Marijuana Law, Policy & Reform

Editor: Douglas A. Berman
Moritz College of Law

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Tuesday, August 5, 2014

Rules for the Marijuana Industry or Preventing Marijuana From Becoming Big and Bad

 Do you want legalized marijuana to replicate the harms caused by tobacco and alcohol use? Do you want the marijuana business to become the new "Big" as in Big Tobacco? Assuming your answer is no,  Vikas Bajaj's "Rules for the Marijuana Market" published  in yesterday's New York Times offers some policy recommendations for preventing these results. 

This excerpt from Bajaj's opinion piece outlines the policy goals for regulating legal  marijuana:

Beyond keeping marijuana out of the hands of minors, a good regulatory system has to limit the increase in drug abuse that is likely to accompany lower prices and greater availability after legalization. It should protect consumers from both dangerous and counterfeit products, reducing the physical risk from a psychoactive substance. And a well-regulated system should undermine and eventually eliminate the black market for marijuana, which has done great damage to society.

Another goal not stated in this discussion is to prevent marijuana monopolies.

Bajaj offers three recommendations. The first recommendation is to tax marijuana "to curb use." This recommendation is not new but Bajaj suggests an interesting twist:

Colorado and Washington have imposed high tax rates that are based on price, much like existing sales taxes. But Mark Kleiman, a public policy professor at the University of California, Los Angeles, rightly warns that those taxes will lose their bite when prices inevitably decline as marijuana businesses become more efficient at production. A better approach would be to tax the drug based on its potency — which can be measured in various ways, including by the amount of the component THC in a batch — and increase the rate over time to keep up with inflation.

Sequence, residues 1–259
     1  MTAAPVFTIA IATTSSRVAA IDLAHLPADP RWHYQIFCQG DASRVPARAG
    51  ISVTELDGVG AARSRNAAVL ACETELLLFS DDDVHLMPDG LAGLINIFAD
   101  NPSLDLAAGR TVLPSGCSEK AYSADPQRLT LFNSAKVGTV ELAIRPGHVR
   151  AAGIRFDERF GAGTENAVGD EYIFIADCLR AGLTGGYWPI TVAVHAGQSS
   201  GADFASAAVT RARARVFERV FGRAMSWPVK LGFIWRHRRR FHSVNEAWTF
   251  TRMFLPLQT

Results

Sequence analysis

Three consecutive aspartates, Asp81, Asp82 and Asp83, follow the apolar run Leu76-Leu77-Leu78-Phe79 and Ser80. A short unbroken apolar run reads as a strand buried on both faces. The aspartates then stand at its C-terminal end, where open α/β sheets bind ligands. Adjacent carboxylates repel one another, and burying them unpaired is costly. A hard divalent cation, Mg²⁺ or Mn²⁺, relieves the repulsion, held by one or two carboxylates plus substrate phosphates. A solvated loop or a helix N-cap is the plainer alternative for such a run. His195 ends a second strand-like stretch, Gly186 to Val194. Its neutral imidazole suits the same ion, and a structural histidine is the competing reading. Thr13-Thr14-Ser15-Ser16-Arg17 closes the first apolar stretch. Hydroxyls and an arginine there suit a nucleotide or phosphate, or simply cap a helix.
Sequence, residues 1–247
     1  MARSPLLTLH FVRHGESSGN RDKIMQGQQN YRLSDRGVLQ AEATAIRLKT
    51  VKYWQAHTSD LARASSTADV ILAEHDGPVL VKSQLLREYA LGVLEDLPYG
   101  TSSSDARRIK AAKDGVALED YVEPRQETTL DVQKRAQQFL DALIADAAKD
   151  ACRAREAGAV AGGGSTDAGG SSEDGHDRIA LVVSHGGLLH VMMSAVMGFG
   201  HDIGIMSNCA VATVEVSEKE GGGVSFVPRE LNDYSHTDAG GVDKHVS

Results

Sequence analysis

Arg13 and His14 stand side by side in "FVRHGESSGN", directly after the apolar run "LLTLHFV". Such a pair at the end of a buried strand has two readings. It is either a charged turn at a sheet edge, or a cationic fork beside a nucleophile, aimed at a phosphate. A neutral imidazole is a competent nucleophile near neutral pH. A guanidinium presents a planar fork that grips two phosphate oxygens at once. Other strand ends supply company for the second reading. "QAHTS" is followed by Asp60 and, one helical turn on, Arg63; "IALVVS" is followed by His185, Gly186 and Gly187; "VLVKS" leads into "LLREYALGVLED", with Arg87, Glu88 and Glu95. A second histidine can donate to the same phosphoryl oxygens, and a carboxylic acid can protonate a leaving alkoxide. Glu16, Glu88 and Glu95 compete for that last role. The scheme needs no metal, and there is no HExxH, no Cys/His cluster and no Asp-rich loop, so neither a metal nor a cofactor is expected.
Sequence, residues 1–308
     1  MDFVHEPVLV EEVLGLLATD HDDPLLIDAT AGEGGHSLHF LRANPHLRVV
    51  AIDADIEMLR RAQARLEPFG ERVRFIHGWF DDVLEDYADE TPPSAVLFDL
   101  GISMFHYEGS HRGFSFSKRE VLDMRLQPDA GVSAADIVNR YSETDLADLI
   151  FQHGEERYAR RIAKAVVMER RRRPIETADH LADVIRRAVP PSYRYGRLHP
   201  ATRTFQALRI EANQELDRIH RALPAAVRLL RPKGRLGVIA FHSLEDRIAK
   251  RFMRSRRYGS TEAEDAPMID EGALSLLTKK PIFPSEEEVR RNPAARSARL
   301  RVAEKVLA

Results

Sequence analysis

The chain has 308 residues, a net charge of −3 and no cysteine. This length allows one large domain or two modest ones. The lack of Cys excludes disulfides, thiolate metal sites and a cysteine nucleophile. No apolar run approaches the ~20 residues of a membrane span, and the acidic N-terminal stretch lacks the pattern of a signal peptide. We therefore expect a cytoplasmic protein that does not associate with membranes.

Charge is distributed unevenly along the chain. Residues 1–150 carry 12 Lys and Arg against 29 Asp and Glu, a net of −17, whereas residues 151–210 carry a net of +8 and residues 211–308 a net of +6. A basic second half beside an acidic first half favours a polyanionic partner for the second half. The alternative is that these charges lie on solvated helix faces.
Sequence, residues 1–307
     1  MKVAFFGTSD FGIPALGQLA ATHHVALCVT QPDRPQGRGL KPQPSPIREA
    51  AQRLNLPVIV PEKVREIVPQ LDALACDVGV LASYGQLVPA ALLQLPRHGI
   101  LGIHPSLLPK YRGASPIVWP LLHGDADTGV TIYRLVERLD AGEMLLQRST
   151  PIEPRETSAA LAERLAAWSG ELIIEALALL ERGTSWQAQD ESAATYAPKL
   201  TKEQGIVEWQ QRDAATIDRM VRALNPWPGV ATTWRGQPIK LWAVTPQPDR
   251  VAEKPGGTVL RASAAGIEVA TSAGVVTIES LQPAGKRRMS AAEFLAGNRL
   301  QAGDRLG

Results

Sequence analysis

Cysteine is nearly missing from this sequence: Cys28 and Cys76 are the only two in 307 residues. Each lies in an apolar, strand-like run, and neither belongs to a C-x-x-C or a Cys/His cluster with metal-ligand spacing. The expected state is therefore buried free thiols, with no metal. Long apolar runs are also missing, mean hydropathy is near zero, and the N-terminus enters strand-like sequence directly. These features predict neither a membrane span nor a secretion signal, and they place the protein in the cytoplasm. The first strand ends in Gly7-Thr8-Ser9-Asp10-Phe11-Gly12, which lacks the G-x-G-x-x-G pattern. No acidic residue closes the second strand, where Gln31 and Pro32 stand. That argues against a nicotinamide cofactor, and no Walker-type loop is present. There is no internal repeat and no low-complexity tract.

Bajaj's second recommendation is "don't market to minors." This recommendation is also generally accepted but important to avoid even the appearance of emulating Big Tobacco which Project SAMS builds on in its recent ad [see Doug's post ] 

Finally, Bajaj recommends that "growers shouldn't be sellers"  "to ensure that the industry does not evolve into a group of politically and financially powerful vertically integrated businesses."  ASA's report on state laws, summarized in a post by Alex, supports  Bajaj's recommendation but this "seed to sale" model is used by New York's new MMJ law. 

I found Bajaj's insights into how Big Alcohol was and is regulated interesting and informative. And his suggestion about the potency tax is intriguing.  Any comments on this recommendation pro or con?

 

 

 

http://lawprofessors.typepad.com/marijuana_law/2014/08/rules-for-the-marijuana-industry-or-preventing-marijuana-from-becoming-big-and-bad.html

Taxation information and issues | Permalink

Comments

I think the point about a potency tax is interesting, but Pat Oglesby and I have made the same point elsewhere--see, e.g., http://jurist.org/forum/2014/04/david-ball-marijuana-potency.php.

Posted by: W. David Ball | Aug 5, 2014 5:55:30 PM

I think the potency-based tax is a great idea in that it will implicitly prevent over-indulgence. To achieve a desired level of high, or to become "super high," one must buy stronger weed, or buy a larger quantity of weaker bud. In either case, the consumer pays more tax, thus limiting the frequency he/she opts for this higher level of high [sic].

Posted by: Scott Meyers | Aug 7, 2014 6:42:32 AM

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